Your cart

(edit cart)


Eye Health

Vision and eye health are among the first things to depreciate as we age. The reason is because the older we get, the lenses inside the eyes become less and less flexible, and the zonules connected to them tend to weaken, making them less effective.

But in addition to these "normal" changes, the eyes can sometimes also become the target of free radicals, and the damage caused by these unstable atoms can cause a wide range of vision and eye health problems.

Causes of Eye Strain

Most people experience some degree of eyestrain from time to time, especially when their work involves sitting at a computer, or reading small print for long periods of time. But the eyes should not really experience strain. If significant strain is felt in the eyes, then it may be a sign of a more serious problem.

Common causes of eye strain tend to be either ocular (along the surface of the eye), or orbital (deep within the eye) in nature. Examples of ocular pain include abrasions, corneal ulcers, pink eye, and eye styes. Orbital pain can be caused by glaucoma, interior eye trauma, inflammation of the iris, and inflamed optic nerves, among others. 

How Diet Affects Eye Health

Diet plays a large role in eye health, because it is through the diet that humans get most of their antioxidants. When one's diet consists largely of processed foods and little to no fresh, whole fruits and vegetables, then the body's antioxidant level is going to be weak, leaving their eyes with little protection from free radicals.

The body does produce some level of antioxidants naturally, but this also slows down as we age. Because of this, a constant supply of new antioxidants needs to be obtained through the diet in order to balance the overwhelming numbers of free radicals in the body.

The best foods to eat for eye protection include fruits and vegetables that are orange or dark green, because these have high concentrations of beta-carotene, an essential antioxidant for eye health. These foods include carrots, kale, spinach, oranges, sweet potatoes, broccoli, Brussels sprouts, and others. Drinking green tea and adding more salmon, walnuts, and eggs to one’s diet will also help protect the eyes.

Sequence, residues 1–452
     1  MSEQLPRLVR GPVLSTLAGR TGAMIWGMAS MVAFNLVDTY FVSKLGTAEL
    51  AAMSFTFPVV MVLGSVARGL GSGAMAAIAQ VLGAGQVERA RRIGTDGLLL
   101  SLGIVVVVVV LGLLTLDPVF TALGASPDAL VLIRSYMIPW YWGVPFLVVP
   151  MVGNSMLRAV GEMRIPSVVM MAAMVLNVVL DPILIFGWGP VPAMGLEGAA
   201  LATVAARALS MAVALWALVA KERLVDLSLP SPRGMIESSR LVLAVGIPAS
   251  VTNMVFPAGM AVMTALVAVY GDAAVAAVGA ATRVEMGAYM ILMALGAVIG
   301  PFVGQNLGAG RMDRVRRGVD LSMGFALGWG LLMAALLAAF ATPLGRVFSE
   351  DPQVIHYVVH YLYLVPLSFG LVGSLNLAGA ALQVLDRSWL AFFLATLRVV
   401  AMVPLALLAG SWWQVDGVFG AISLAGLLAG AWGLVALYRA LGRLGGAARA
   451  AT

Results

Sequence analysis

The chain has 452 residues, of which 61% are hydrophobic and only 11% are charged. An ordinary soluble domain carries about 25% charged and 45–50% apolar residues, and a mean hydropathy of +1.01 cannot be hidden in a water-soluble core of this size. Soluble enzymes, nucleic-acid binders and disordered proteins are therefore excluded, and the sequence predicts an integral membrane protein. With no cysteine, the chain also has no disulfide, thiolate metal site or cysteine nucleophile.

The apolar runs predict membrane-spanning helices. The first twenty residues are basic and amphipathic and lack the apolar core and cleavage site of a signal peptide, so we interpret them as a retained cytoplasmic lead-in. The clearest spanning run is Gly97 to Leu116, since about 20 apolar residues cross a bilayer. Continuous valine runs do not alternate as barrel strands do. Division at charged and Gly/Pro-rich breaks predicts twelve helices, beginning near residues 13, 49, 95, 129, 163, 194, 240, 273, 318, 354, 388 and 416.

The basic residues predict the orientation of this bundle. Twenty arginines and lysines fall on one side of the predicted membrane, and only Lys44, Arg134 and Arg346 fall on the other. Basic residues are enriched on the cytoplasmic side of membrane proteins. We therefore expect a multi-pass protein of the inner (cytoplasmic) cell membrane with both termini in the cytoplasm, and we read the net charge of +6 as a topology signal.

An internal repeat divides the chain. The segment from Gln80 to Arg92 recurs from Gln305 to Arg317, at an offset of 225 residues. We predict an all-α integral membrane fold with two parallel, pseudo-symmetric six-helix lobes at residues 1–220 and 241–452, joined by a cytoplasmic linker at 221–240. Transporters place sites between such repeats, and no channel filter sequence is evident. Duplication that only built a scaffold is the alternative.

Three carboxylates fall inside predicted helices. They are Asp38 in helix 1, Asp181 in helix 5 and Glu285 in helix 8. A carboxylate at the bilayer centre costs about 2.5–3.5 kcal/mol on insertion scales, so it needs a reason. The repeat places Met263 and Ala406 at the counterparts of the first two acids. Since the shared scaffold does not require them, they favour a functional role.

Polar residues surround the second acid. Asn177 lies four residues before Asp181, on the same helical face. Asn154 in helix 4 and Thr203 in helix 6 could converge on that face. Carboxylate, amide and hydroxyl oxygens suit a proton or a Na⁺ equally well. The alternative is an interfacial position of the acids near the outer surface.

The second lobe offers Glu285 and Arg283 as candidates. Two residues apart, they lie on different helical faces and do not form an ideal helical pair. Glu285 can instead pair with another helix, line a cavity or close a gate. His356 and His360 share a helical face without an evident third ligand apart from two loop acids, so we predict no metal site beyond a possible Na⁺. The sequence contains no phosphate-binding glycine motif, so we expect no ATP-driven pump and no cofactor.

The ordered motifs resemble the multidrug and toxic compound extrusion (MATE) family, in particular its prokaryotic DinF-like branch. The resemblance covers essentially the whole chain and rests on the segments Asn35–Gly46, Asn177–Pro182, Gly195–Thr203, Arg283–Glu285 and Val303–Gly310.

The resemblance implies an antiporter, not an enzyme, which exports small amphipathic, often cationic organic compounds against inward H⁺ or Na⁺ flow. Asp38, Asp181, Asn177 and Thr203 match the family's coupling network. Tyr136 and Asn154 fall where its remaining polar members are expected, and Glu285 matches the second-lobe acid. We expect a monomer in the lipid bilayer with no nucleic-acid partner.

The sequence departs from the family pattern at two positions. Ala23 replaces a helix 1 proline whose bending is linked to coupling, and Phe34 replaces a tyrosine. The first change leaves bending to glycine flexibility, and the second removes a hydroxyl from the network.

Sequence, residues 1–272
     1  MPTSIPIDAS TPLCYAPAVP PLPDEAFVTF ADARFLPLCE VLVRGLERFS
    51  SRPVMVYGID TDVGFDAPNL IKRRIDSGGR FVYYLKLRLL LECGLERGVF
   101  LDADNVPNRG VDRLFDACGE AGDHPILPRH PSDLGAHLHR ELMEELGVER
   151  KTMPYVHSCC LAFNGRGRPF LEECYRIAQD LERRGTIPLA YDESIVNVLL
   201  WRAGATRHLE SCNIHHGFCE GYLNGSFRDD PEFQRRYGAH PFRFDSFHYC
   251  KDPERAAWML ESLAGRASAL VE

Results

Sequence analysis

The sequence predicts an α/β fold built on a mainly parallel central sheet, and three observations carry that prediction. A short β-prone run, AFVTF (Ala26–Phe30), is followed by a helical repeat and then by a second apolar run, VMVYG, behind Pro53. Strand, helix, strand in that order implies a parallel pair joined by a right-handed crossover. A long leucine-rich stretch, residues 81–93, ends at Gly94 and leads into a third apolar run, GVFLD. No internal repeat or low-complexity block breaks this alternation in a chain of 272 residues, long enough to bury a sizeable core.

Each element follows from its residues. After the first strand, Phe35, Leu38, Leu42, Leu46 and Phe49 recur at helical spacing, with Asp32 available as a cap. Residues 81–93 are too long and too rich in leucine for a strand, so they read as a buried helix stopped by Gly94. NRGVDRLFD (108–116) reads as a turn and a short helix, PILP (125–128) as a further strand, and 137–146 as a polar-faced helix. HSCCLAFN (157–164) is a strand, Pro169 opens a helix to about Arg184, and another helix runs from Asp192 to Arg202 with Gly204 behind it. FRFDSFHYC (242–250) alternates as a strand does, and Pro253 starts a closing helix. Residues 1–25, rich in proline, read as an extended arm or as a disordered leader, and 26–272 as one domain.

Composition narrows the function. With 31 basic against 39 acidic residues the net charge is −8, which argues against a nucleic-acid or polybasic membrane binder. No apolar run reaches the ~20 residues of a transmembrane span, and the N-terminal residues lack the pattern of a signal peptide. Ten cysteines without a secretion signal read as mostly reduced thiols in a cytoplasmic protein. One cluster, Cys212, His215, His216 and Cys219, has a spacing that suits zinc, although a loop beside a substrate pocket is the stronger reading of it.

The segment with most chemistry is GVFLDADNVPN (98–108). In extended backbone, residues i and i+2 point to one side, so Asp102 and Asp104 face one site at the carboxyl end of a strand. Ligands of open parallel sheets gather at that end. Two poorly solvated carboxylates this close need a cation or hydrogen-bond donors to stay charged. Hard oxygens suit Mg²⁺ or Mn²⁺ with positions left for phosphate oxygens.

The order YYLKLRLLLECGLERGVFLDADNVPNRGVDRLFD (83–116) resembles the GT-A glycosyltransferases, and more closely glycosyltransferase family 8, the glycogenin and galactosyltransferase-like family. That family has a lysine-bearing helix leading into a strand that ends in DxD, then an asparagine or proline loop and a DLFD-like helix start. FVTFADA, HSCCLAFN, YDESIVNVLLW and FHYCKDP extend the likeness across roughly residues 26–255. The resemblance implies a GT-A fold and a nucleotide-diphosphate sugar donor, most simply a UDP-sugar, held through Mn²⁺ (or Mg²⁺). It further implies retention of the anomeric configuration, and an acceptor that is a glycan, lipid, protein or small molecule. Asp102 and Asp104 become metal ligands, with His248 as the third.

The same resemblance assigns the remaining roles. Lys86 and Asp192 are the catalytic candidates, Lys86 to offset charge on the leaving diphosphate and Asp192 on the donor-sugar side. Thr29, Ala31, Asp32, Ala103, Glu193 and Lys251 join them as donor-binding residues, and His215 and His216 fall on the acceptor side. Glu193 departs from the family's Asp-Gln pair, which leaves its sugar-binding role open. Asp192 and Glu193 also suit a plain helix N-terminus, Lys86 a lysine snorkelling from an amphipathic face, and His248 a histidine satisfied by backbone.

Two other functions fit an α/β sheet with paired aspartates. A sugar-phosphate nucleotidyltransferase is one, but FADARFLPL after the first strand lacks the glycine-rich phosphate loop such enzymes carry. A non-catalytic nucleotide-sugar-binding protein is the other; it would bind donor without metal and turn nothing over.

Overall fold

Can Antioxidant Supplements Improve Eye Health?

Spirulina and astaxanthin are two antioxidant-rich super supplements that are available in supplement form; each has been proven to offer valuable eye health support. In fact, spirulina has ten times the vitamin A and beta-carotene as carrots, making it the most naturally potent source of the carotenoid antioxidant available.

Besides that, spirulina is also considered the world's most nutrient-dense food as it contains between 55 and 70% protein (more than beef, chicken, and soybeans), eight essential and ten non-essential amino acids, high levels of gamma-linolenic acid (GLA), linoleic acid, arachidonic acid, complex B vitamins, iron, calcium, phosphorus, nucleic acids RNA & DNA, chlorophyll, and phycocyanin.

Meanwhile, astaxanthin is one of the most powerful antioxidants available and supports eye health. Considered nature's most powerful antioxidant, astaxanthin has the ability to benefit every cell in the body.

The information provided is for educational purposes only and does not constitute medical advice. Always seek the advice of your physician or qualified healthcare provider with any questions or concerns about your health. Check with your doctor before beginning any exercise program. Never disregard or delay seeking medical advice because of something you have heard or read in this article or the internet.